Straight Up

Release date
25 Oct 2010
Running length
18 tracks
Running time


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    Track     Duration Listeners
1 Take It All (2010 - Remaster) 4:26 141
2 Baby Blue (2010 - Remaster) 3:36 716
3 Money (2010 - Remaster) 3:29 136
4 Flying (2010 - Remaster) 2:35 101
5 I'd Die Babe (2010 - Remaster) 2:33 103
6 Name Of The Game (2010 - Remaster) 5:20 105
7 Suitcase (2010 - Remaster) 2:53 100
8 Sweet Tuesday Morning (2010 - Remaster) 2:30 95
9 Day After Day (2010 - Remaster) 3:09 555
10 Sometimes (2010 - Remaster) 2:52 94
11 Perfection (2010 - Remaster) 5:07 96
12 It's Over (2010 - Remaster) 3:34 90
13 I'll Be The One (2010 - Remaster) 2:53 85
14 Name Of The Game (Earlier Version) (2010 - Remaster) 4:23 69
15 Baby Blue (US Single Mix) (2010 - Remaster) 3:36 94
16 Baby Please (Previously Unreleased) 3:04 81
17 No Good At All (Previously Unreleased) 2:09 90
18 Sing For The Song (Previously Unreleased) 3:18 80

About this album

Recordings for Straight Up began in early 1971 under the direction of producer Geoff Emerick, who produced the bulk of Badfinger’s preceding album No Dice. Although these early recordings were completed and both the album and a single, “Name of the Game”, were ready to be released, Apple Records co-president George Harrison decided the album could be improved under his personal direction, which led the single to be canceled. Harrison recorded a couple of new tracks with the band in the summer of 1971, as well as re-recording a couple of the original tracks. He can be heard playing a slide-guitar duet with Pete Ham on the song “Day After Day”, with Leon Russell featured on piano. Additionally, Harrison and Phil Spector planned a different string arrangement for “Name of the Game”, but this apparently never came to pass.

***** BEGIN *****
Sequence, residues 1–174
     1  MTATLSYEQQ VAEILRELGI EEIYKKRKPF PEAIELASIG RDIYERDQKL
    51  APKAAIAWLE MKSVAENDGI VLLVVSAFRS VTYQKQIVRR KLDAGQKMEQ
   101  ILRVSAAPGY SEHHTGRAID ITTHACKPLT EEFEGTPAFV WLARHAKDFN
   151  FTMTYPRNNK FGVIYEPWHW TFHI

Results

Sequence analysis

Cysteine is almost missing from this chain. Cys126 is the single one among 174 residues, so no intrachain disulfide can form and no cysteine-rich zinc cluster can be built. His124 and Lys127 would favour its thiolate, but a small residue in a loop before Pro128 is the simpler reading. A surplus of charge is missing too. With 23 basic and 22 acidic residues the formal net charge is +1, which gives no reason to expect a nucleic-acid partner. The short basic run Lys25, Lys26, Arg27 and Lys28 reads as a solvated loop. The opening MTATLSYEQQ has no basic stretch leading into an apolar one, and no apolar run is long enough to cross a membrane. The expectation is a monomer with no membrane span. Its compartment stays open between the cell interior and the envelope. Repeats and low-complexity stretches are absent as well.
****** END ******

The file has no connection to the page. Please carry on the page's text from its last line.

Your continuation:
Due to a hurriedly-assembled benefit concert that summer, The Concert for Bangladesh, at which Badfinger performed, Harrison lost interest in the Straight Up project and did not return to it after the concert. Apple retained Todd Rundgren to finish the album. Rundgren utilised recordings begun by both Emerick and Harrison, re-recorded some of them, and also recorded several new tracks with the band (notably “Baby Blue”) in less than a month. Although production credit for individual songs on the album is given to both Rundgren and Harrison, Rundgren did the final mix of the entire album (and was upset that he was given neither a co-production nor a mixing credit for any of the Harrison songs).

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